Sometime in June, I had the opportunity to visit the United States of America (USA) under the Mandela Washington Fellowship programme. I went under the Business and Entrepreneurship track and I was in Cambridge, Massachusetts. Throughout my interactions with business owners, professors and entrepreneurs each time I explained my publishing business to them, I would receive a similar response. How do you scale this up? I often mumbled through an unconvincing response.
I began to gather the notion that in America, unless a business can be scaled up then it is not a business worth investing in. I got where they were coming from with the successes of AirBnB, Uber, Facebook and many other businesses. Scaling up meant can it go beyond the town or country in which the business exists? Can someone in India, Mexico or Burundi use the service or whatever product you have created? It also implies that can the expansion take place without the hurdle of having to build large scale infrastructure. This has often meant that can my business take advantage of technology to grow. For investors who want a return on their investment as soon as possible scalability of a business matters. An investor should be able to see the growth trajectory and in most cases an exit plan too. If any of the two are missing the less attractive the investment.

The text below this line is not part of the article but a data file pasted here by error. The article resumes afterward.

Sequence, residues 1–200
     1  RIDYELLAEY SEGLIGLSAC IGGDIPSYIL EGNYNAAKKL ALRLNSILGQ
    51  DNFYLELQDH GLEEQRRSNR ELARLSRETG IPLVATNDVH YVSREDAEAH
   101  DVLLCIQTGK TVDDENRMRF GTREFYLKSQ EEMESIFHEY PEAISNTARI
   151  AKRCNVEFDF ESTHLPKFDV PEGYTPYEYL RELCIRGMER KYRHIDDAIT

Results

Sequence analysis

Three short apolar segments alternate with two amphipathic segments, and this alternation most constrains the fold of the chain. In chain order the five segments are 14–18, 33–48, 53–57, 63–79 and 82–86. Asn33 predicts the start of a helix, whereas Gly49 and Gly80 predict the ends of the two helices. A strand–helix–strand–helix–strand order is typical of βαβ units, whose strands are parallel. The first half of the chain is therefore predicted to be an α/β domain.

Since that trip I have been struggling with that one question, “How do I scale up my business?” I have gone to bed thinking about this question and it has crept up like an ugly nightmare every time I try to forget it. I have rattled my brain, had brainstorming sessions with me, myself and I, and gone to the internet for inspiration. But I have come out with close to nothing each time. This exhausting endeavour to somehow prove that my business can be beneficial for someone in Spain or Algeria has not borne any tangible fruits. And this past week someone reiterated my concerns when I explained my business to them. They said they did not see how it would grow beyond a certain ceiling. It was at that moment that I said, “To Hell with it,” (well I said it to myself actually). It was then that I had to face the hard cold truth.
It suddenly dawned on me that I did not start my current business with the goal of going global. I did not start Butali House to solve problems for writers in other countries; I came up with it to solve the problems Zambian writers faced. It was the foundation upon which the business was built; therefore, I was trying to build a skyscraper on a foundation meant for a one storey building. In this vein, it was absolutely fine to accept that my business in its current state was not scalable. This means that if I am to look for investors I would have to offer them more than the promise of scaling up the business.
I have decided that rather than grappling with the question of whether the business is scalable or not, I should be concerned with whether it is profitable or not. I should worry about how I can add other revenue streams to the current existing one. Not every business is meant to be a billion dollar company others are just meant to niche businesses that cater to a select group of customers. Perhaps in this business journey I will come up with that idea that I can call a scalable business opportunity until then having a non-scalable business is fine.